Can Digital Technology Bridge the Classroom Engagement Gap? Findings from a Qualitative Study of K-8 Classrooms in 10 Ontario School Boards Academic Article uri icon

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abstract

  • This study examined impacts of digital technology on a key component of the socioeconomic gap in education—gaps in student classroom engagement. Whereas print literacy has long been a source of such gaps, newer “digital divide” theories claim classrooms that use digital technology are perpetuating them further. However, these claims are not grounded in close empirical observation and may now already be dated. We aimed to advance understandings of the impact of digital technology on student engagement by examining robotics, tablets, and smart board usage across a range of classrooms, using a conceptual framework that blends theories of interaction ritual chains (IRC) and cultural capital (CC). Data came from observations and interviews with teachers and students in K-8 classrooms across 10 Ontario school boards. We report three major findings. First, almost all students across socioeconomic strata engaged easily and enthusiastically with digital technology. Second, technology spawned new classroom rituals and cultural valuations. Third, digital technology provided connections between school dictates and students’ peer-based and home lives. We argue that digital technology has the potential to narrow classroom engagement gaps that are generated by conventional print media. We end by discussing avenues for future research.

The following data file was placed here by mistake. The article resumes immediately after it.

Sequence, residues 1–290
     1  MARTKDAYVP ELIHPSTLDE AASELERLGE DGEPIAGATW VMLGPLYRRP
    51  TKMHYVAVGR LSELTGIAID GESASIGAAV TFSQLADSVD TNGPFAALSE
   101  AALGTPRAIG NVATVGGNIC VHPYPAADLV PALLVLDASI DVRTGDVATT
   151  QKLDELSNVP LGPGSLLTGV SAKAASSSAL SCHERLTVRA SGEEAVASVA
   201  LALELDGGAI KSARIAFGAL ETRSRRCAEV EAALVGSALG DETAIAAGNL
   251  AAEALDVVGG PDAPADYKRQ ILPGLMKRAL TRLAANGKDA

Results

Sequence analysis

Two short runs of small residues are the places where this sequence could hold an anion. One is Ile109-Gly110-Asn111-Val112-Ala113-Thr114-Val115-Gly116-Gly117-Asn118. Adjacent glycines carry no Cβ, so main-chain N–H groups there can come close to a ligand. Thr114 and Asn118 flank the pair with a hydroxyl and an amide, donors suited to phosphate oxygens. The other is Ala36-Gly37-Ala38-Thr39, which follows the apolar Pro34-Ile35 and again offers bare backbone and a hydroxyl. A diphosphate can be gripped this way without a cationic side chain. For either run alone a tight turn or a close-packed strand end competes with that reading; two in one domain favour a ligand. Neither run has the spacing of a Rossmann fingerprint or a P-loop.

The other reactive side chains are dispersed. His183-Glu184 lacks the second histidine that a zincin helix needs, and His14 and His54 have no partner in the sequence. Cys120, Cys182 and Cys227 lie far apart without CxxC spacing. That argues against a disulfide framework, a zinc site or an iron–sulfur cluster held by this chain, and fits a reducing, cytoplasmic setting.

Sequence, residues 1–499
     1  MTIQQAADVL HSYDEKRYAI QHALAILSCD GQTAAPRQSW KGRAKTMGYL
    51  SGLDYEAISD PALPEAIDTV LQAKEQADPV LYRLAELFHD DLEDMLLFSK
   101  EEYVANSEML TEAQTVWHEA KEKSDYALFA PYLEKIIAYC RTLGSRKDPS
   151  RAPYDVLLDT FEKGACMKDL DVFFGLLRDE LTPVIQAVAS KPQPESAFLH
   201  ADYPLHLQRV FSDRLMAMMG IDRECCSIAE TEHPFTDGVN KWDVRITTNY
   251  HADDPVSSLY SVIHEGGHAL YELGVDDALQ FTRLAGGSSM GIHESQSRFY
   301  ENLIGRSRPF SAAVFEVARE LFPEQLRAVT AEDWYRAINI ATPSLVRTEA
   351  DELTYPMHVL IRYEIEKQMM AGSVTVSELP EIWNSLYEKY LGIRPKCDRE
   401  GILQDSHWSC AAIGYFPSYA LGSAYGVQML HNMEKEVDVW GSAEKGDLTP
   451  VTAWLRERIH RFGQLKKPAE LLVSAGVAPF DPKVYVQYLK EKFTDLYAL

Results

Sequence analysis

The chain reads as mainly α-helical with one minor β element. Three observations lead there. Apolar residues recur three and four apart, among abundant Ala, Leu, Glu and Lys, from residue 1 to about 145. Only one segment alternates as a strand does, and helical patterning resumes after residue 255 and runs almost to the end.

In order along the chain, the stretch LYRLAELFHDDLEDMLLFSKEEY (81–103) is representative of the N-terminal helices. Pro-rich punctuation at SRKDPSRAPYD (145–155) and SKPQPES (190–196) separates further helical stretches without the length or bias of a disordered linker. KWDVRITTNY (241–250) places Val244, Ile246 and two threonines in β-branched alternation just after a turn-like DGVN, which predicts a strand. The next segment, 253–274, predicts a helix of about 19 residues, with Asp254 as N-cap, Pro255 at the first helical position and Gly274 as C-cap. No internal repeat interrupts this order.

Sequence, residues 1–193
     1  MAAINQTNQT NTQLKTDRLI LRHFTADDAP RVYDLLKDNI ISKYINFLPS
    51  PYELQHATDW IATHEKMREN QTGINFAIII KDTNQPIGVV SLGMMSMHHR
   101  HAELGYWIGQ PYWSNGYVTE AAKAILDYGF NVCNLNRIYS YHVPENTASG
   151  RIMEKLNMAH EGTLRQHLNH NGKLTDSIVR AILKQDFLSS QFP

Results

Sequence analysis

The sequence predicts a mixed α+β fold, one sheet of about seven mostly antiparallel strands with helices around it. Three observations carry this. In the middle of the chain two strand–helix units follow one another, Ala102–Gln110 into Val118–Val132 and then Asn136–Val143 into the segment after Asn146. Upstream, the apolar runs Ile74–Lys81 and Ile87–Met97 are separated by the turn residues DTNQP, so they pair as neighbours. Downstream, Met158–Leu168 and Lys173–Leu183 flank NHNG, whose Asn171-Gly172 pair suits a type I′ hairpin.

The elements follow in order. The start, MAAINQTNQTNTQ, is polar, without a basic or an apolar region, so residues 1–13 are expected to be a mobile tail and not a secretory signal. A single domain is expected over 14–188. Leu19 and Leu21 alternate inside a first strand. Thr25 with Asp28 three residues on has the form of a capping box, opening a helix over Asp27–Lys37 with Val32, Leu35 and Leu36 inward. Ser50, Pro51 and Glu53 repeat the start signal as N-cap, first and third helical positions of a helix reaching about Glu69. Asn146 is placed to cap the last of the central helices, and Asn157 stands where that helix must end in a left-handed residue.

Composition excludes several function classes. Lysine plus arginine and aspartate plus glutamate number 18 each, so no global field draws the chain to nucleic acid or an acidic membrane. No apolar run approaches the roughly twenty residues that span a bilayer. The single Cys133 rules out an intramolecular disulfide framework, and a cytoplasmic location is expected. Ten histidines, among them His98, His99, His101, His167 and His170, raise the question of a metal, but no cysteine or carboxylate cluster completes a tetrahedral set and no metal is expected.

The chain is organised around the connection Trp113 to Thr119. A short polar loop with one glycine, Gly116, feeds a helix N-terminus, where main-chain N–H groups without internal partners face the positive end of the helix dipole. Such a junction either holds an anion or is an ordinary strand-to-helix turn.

publication date

  • January 1, 2021